Gentlemen offending each other. How amusing!
We all got more experience with that. It's now 19 years since the Opera web forum opened.
Record floods have inflicted severe damage across the Sahel region in recent weeks, leaving dozens dead and tens of thousands homeless from Sudan to Senegal.
OI don't mind OakdaleFTL's comment re me as I make allowances for where he lives!
Today I discovered that Norwegian TV's Brennpunkt is (globally?) available without obstacles. So I took a look at how Norwegian recycling works. Namely, e-waste, tyres, and cars get dumped to Africa, where locals process it to something monetisable as best as they can. The journey of the waste to Africa is illegal every step of the way, but no authority takes any responsibility to check up on anything https://tv.nrk.no/serie/brennpunkt/2019/MDDP11000819/avspiller
It's more intriguing than what you said.
And most steps on the way are actually perfectly legal, as long as questions aren't asked.
This business plan is not to relieve the retailers of their e-waste. Instead they steal the e-waste. This could be bog-standard dumpster diving, but it is heavily implied it's more organised than that. Employees complain about threats if they try to stop it. And considered as theft who are they stealing from? The consumer who returned the e-waste, the retailer, or the recycling system itself?
Likewise with the cars. The documentary makes a calculation for one of the actors (who according to records own 95 vehicles without licence plates). The cars are bought above-board and legally, paying an average of 12k NOK for them. Since cars have an implicit minimum value of 3k, which he foregoes, and it costs 9k to ship a car to Nigeria, where is the profit?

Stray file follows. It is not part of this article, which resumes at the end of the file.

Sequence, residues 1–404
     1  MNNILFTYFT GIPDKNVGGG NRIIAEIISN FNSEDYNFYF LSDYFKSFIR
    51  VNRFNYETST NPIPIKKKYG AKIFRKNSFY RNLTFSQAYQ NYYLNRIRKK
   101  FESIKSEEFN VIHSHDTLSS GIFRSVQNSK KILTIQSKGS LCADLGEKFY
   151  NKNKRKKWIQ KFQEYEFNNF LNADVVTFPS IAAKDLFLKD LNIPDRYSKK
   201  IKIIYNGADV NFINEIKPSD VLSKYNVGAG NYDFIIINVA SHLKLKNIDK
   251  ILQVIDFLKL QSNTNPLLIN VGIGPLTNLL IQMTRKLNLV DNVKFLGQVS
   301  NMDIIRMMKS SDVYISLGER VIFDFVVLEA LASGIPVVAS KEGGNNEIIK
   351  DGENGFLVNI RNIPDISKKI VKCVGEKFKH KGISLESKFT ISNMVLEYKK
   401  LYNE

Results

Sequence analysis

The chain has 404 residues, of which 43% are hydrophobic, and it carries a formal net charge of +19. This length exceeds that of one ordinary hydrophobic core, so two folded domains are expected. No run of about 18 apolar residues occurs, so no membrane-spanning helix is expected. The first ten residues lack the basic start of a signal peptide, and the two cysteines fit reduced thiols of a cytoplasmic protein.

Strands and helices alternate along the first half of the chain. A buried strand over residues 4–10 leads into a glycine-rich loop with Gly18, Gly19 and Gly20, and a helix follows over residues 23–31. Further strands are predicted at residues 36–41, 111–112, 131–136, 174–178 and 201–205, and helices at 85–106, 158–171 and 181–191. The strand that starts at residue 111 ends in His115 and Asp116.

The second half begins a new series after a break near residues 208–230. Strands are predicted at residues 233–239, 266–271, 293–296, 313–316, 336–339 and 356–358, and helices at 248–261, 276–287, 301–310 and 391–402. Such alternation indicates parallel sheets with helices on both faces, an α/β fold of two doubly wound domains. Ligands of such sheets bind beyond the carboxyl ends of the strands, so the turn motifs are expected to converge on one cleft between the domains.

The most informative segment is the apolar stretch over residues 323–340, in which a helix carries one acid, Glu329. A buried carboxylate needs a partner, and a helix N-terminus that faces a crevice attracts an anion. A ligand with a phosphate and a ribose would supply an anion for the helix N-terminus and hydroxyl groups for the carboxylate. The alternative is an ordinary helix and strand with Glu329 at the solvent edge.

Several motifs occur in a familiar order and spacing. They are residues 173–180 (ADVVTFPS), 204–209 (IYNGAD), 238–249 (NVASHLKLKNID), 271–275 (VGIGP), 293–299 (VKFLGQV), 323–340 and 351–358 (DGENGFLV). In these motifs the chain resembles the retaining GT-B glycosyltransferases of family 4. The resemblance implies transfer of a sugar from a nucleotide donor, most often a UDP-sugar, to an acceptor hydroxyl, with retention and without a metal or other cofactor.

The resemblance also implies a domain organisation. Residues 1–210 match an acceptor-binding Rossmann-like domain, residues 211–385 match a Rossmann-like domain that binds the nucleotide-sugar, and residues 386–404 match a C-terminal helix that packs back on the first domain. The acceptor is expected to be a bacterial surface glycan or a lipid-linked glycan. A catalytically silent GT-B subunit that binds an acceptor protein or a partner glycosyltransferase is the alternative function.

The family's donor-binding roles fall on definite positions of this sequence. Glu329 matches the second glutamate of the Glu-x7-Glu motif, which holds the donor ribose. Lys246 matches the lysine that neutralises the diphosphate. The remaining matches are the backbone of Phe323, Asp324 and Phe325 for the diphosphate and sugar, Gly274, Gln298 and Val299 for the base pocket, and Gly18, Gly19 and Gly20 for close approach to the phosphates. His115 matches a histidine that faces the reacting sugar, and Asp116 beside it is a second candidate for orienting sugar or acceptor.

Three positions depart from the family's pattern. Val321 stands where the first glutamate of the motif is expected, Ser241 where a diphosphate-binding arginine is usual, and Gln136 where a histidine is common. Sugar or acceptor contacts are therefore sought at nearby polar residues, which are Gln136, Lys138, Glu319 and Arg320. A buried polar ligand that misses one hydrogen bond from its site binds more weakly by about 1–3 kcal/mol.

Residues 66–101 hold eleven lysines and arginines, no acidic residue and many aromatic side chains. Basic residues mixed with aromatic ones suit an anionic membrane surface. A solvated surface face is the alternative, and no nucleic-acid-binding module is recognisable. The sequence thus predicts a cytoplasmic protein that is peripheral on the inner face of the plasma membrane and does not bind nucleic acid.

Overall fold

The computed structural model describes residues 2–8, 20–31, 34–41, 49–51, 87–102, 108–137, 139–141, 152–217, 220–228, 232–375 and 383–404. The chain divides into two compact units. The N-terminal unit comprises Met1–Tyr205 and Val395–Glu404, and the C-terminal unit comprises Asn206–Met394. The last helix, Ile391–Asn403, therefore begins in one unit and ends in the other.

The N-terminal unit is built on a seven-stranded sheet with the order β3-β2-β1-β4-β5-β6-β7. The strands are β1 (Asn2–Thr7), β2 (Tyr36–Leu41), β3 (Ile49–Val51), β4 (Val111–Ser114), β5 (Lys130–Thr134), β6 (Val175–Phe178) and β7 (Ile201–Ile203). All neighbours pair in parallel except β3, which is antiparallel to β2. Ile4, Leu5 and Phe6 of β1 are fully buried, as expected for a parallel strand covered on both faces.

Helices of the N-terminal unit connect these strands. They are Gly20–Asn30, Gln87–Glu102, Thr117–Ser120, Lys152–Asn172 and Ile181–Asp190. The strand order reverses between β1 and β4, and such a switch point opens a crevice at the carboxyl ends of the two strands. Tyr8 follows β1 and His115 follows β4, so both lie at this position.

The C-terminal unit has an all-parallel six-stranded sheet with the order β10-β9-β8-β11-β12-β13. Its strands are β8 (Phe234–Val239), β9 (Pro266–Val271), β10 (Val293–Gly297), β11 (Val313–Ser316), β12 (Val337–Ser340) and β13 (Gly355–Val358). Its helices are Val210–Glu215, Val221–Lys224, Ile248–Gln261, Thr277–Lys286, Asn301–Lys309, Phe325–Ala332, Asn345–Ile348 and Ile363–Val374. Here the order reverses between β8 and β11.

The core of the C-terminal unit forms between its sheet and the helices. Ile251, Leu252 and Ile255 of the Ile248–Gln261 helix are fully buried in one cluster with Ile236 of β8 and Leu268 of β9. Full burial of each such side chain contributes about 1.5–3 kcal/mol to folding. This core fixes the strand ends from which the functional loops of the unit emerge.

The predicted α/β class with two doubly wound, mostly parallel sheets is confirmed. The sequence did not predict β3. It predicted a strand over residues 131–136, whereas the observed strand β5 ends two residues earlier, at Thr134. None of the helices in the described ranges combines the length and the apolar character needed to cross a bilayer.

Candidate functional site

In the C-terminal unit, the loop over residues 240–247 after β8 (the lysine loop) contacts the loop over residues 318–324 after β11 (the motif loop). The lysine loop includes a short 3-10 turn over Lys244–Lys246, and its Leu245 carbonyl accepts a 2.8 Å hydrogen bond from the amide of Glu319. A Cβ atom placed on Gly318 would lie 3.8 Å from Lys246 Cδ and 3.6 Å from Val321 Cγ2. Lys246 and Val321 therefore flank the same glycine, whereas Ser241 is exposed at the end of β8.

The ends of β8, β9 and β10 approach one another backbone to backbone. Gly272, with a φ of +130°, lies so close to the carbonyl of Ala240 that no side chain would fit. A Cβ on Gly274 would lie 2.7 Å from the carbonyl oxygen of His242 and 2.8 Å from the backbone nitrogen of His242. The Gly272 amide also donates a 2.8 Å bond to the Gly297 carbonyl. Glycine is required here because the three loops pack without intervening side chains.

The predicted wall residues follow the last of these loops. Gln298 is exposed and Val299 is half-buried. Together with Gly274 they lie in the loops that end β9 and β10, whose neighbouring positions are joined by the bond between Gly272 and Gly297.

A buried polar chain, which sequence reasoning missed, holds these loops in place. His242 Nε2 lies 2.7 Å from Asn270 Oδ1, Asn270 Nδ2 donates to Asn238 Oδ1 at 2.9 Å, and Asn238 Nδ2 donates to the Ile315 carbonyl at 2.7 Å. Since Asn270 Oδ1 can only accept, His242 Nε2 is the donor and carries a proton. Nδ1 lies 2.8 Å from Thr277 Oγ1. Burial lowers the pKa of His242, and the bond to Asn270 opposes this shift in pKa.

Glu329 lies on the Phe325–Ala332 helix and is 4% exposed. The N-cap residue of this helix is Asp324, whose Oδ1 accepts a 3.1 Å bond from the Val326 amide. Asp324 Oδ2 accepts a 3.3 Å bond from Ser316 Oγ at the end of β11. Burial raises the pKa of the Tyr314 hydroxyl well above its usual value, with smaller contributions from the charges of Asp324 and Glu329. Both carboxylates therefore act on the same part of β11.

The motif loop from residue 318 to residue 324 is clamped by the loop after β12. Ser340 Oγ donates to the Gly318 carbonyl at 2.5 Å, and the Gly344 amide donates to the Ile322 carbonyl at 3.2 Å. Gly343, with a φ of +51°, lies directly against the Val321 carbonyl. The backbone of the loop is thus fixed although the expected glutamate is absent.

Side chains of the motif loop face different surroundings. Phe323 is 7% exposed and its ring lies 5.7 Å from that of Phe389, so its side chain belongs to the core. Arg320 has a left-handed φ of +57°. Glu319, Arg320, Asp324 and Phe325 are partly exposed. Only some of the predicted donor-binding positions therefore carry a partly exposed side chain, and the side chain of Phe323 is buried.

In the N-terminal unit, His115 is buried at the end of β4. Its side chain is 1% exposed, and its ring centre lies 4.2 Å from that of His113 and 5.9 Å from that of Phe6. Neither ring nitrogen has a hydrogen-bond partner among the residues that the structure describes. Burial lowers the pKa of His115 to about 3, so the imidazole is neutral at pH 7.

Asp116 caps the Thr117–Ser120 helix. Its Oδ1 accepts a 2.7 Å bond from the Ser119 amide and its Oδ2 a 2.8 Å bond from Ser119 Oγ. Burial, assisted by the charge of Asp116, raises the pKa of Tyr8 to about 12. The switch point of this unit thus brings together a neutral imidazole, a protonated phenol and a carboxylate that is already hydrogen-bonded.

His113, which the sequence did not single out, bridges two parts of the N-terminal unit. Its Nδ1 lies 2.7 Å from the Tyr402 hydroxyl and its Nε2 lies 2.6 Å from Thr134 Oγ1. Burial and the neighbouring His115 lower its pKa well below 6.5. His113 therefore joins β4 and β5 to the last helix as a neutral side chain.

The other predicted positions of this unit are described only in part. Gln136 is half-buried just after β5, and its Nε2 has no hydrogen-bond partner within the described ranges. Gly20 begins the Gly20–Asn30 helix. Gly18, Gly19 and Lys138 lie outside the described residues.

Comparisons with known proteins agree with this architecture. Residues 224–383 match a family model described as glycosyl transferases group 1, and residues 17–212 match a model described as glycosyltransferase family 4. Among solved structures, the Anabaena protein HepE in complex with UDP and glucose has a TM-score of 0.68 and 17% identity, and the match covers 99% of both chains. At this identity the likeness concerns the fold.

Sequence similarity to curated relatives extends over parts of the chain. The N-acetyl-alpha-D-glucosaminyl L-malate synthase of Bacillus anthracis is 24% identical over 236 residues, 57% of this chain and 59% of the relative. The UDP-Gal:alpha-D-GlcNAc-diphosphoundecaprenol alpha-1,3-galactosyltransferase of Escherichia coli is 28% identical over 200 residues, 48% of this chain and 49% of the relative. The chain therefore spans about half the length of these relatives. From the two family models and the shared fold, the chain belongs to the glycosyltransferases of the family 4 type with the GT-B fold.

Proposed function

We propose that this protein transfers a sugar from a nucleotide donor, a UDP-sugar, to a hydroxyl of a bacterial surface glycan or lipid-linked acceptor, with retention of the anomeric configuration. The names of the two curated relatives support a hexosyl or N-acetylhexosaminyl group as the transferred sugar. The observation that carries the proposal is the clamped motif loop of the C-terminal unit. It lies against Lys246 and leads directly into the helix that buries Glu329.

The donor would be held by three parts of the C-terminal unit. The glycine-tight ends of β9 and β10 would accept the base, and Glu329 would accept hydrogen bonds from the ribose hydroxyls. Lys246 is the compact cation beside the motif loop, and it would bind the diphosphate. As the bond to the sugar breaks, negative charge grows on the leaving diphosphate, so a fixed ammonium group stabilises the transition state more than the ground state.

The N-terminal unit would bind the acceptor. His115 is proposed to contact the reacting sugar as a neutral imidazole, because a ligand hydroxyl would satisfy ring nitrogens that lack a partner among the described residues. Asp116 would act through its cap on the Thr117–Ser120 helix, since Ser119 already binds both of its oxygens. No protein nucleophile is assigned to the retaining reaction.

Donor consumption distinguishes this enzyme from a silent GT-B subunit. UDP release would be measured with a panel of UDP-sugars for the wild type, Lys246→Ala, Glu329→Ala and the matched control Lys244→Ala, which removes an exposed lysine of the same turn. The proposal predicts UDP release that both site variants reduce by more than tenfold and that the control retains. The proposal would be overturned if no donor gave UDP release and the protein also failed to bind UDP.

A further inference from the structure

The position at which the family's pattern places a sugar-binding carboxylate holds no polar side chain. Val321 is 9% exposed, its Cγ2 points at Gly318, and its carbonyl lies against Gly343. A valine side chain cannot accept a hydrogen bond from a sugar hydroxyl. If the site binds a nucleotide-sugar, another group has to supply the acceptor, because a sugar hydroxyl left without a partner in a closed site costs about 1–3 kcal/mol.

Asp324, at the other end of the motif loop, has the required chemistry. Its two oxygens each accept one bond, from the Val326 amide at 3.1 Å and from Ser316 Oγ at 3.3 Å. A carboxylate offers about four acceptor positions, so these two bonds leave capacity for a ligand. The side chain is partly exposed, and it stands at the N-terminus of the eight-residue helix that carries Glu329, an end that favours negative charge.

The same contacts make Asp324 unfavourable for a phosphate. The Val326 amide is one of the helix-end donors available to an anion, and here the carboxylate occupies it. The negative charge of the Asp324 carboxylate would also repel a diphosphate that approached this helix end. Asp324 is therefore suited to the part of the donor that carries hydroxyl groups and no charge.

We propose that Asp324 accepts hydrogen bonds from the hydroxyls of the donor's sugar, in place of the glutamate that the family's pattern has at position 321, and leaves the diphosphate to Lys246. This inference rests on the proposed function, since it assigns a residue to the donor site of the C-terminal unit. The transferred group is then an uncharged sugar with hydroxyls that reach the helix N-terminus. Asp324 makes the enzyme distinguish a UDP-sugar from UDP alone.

They are smuggling, and it is harder for customs officers to look into a shipped locked cars than a shipping container that is built to be opened.
The e-waste doesn't seem that profitable. Some can be reused, most goes for scrap.
Most cars stolen in Portugal go to Africa. Cars are dismantled in illegal car workshops, exported by ship and mounted at the destiny. The legal owners never recover their cars. That's why you see so many luxury cars at most African capitals.
I suppose the same happens at other european countries.
Burning wires and products for metal value is an ancient and simple method that used to be common in Europe as well as the rest of the world, but it is inefficient, unhealthy, and polluting, and thus eventually prohibited.
New and future EU regulation on repairability and recyclability will greatly reduce this problem. For now, as mentioned in the documentary, cars with spray-painted windows will no longer be shipped.
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